Syrian rights activists say government forces have killed at least 50 people in an ongoing assault on the central city of Homs, and U.N. Secretary-General Ban Ki-moon has pledged to consider sending a joint U.N.-Arab League team to Syria to monitor the escalating violence.
British-based activist say troops loyal to Syrian President Bashar al-Assad attacked Homs with gunfire, rockets and shells on Wednesday, heavily damaging more than 20 buildings in rebel-held districts. The activists say the government bombardment of Homs has killed hundreds of people since it began early Saturday. They say at least 13 other people were killed in violence around Syria Wednesday.
Syrian state media say "armed terrorists" detonated a car bomb in Homs, killing and wounding civilians and troops. State media also accused rebels of attacking the city's oil refinery.
Undated citizen journalism image provided by Local Coordination Committees in Syria shows man weeping as he sits next to a man who was purportedly killed in shelling by Syrian government forces, Homs, February 8, 2012. (AP Photo)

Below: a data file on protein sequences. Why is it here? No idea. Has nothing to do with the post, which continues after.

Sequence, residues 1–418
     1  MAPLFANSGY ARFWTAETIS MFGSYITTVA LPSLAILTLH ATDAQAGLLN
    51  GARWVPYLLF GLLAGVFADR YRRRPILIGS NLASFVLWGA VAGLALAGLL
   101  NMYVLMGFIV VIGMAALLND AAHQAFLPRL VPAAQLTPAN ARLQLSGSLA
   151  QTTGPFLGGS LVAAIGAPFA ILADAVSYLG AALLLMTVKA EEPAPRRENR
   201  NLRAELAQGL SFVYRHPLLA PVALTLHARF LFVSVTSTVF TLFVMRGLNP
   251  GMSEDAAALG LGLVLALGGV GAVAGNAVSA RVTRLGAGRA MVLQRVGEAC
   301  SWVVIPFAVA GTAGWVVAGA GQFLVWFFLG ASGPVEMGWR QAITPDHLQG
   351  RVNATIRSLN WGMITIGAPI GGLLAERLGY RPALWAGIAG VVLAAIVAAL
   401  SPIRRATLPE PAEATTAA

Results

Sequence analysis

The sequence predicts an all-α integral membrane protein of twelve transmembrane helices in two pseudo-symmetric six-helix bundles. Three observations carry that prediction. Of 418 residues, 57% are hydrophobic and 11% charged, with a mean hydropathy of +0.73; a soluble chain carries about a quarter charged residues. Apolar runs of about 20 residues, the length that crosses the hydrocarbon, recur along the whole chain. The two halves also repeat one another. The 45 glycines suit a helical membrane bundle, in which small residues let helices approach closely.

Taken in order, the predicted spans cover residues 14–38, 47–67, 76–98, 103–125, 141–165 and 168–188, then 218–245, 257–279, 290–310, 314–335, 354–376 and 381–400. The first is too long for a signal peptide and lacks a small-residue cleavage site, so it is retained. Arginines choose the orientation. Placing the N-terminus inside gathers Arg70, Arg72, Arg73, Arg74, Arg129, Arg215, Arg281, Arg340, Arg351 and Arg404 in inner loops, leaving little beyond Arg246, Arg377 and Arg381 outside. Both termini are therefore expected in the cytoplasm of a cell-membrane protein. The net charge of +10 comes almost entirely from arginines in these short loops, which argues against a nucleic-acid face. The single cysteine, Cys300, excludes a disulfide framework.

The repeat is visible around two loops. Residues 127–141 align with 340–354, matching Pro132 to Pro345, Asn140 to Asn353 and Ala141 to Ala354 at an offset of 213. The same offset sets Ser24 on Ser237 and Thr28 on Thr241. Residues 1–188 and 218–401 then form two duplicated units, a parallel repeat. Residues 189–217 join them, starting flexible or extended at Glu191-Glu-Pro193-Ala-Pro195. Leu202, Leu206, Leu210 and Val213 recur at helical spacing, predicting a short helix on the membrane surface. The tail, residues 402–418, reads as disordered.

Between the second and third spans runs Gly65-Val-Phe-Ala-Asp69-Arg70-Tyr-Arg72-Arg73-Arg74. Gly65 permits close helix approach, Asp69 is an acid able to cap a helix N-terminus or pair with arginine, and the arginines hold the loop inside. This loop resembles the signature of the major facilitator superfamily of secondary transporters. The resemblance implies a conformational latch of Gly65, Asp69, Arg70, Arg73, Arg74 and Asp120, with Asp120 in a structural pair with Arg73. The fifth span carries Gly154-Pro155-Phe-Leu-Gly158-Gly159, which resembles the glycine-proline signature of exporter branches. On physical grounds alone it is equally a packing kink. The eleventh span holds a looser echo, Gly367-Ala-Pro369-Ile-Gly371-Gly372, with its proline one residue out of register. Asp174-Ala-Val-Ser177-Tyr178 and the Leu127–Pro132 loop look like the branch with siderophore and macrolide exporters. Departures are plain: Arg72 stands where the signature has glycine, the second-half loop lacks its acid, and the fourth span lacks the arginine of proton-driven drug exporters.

In an opposition video, a young man named Danny Abou Diyne, working in a field clinic in the Homs district of Baba Amr, points to the dead body of a two-year old boy. He says the child was killed when a shell slammed into his house, destroying it.
“He's about two years old," he said. "He got hit in this war zone, in his house. Is this what the U.N. is waiting for, until there are no more children left? Until they kill all the children and all the women?
VOA cannot independently confirm the video or opposition figures concerning deaths because Syria restricts independent reporting.
Free Syrian Army (FSA) members in Saqba, a Damascus suburb, February 8, 2012. (Reuters photo)
Homs low on medical supplies
A doctor calling himself Mohammed Mohammed told Al Arabiya TV via webcam that he and his colleagues were working under extreme duress and that medical supplies were running low. He begged the world to pressure Syria to allow ambulances to evacuate the wounded.